When it comes to the science of cannabis, there’s a popular notion — and then there’s what the research actually tells us. The popular conception gets a lot of reinforcement in casual conversation and in the media. Comedian and noted cannabis aficionado Seth Rogen, for instance, last year released a trio of “strain-specific” mixtapes of his favorite music, in which the sativa LP featured upbeat music, the indica album contained “super mellow music,” and the hybrid was “right in between.”
But while many casual users still rely on that tripartite distinction, it unfortunately relies on some outdated science, most of which was conducted before cannabis was actually studied in-depth using modern scientific equipment and methodologies.
In the past decade, as this budding industry has taken off, plant biologists, product researchers, and even hobbyists have come closer to discovering what actually accounts for the difference in cannabis crops. And what they’ve learned seriously complicates the sativa-indica picture many of us are familiar with.
With that in mind, here’s what the terms “sativa” and “indica” actually mean — and why science tells us you should probably ignore that distinction.
The real difference between sativas and indicas
Historically, scientists have classified plants of the genus cannabis on the basis of their morphology, or their outward appearance. Cannabis sativa plants tend to grow tall and tree-like, and have thin, light-green leaves. Cannabis indica plants tend to be short and bushy, and have darker green leaves.
Hence, the two types of cannabis we’re familiar with.
But this superficial phenotypic distinction between the species has given rise to a number of myths about cannabis, namely the idea that sativa is more of an “upper,” while indica works more as a “downer.” Some sellers will recommend using sativas for a more energizing and social experience, and saving indicas for relaxation and a “body high.” There’s just no scientific evidence for those claims, however. And, objectively speaking, with the amount of cross breeding or “Hybrids” hitting the market, it’s hard to even differentiate what is Sativa or Indica-dominant anymore.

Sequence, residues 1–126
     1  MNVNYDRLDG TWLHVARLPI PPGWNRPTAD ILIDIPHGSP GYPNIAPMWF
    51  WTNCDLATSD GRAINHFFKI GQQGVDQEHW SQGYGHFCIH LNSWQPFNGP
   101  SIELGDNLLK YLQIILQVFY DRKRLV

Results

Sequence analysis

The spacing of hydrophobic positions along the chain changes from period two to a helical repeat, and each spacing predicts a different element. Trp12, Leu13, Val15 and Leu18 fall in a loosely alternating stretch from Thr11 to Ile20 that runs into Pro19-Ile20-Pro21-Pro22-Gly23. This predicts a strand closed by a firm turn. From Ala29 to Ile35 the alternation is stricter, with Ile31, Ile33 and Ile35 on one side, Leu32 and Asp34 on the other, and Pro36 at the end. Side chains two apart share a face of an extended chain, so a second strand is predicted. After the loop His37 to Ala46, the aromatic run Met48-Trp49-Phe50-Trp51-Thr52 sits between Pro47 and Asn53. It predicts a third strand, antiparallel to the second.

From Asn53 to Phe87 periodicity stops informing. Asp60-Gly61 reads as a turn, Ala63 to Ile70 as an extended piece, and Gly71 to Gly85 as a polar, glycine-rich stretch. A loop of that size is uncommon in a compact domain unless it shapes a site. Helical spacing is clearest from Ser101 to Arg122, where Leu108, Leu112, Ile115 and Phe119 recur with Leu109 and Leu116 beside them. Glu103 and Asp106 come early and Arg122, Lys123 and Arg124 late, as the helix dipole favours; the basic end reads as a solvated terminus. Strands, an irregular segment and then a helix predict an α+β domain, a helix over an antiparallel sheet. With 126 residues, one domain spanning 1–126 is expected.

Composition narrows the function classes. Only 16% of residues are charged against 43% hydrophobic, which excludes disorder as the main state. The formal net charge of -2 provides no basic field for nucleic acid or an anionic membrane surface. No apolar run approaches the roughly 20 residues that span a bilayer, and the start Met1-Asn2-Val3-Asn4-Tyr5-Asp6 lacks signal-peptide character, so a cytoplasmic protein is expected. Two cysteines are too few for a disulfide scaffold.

In fact, there’s not even scientific consensus that there are sufficient differences between plants in the genus Cannabis to justify breaking it down into two species. To further muddy the waters, some plant biologists think there may be as many as five cannabis species. Either way, there’s general agreement that the sativa-indica distinction isn’t a particularly useful one.
CBD and THC
All this isn’t to say that there isn’t any difference between cannabis plants, because there absolutely is, but the differences aren’t the result of a scientifically-suspect, superficial distinction.
The real difference between cannabis strains comes down to the levels and ratios of the chemicals cannabidiol, or CBD, and tetrahydrocannabinol, better known as THC. These are the primary psychoactive agents in cannabis (though the plant is thought to contain dozens or maybe even hundreds of cannabinoids). Broadly speaking, THC is responsible for the intoxicating and even psychoactive effects you’ll find from ingesting cannabis. It can also be responsible for some undesirable effects, like anxiety or increased appetite. The mechanism by which THC achieves these effects is by binding with and activating the body’s cannabinoid receptors.
CBD, by comparison, is thought to be responsible for the pain-relieving and calming effects associated with cannabis. The science is still out on the proposed mechanism of action for these effects, but it has been observed that CBD serves as an antagonist (meaning it decreases activity) of those same cannabinoid receptors that THC binds with. For that reason, CBD in weed can actually counteract the effects of THC.
The upshot is that whatever one’s purpose for using cannabis, whether it be recreational or medical, it’s important to evaluate potential strains not on the basis of whether they’re “sativa-dominant” or “indica-dominant,” but for their amounts and ratios of CBD and THC.
The sativa-indica-hybrid distinction is ultimately too broad a categorization to account for all the natural and human-cultivated variation found in cannabis. Even strain-labeling may not be sufficient, given that two children of the same plant, with the exact same DNA, grown in different parts of the world will interact with their environment to take on different characteristics.
Ultimately, what the cannabis industry may need to account for all this variety is, to steal a term from the wine world, a notion of terroir. “Terroir” refers to the distinct taste associated with wines from a certain place. The causes of these differences are not just soil or weather or local farming practices individually, but the sum total of all those geographic particulars and more. While these differences are complex and still not completely accounted for scientifically, there’s enough empirical evidence to think that terroir is a real phenomenon not just for wine, but also for cannabis.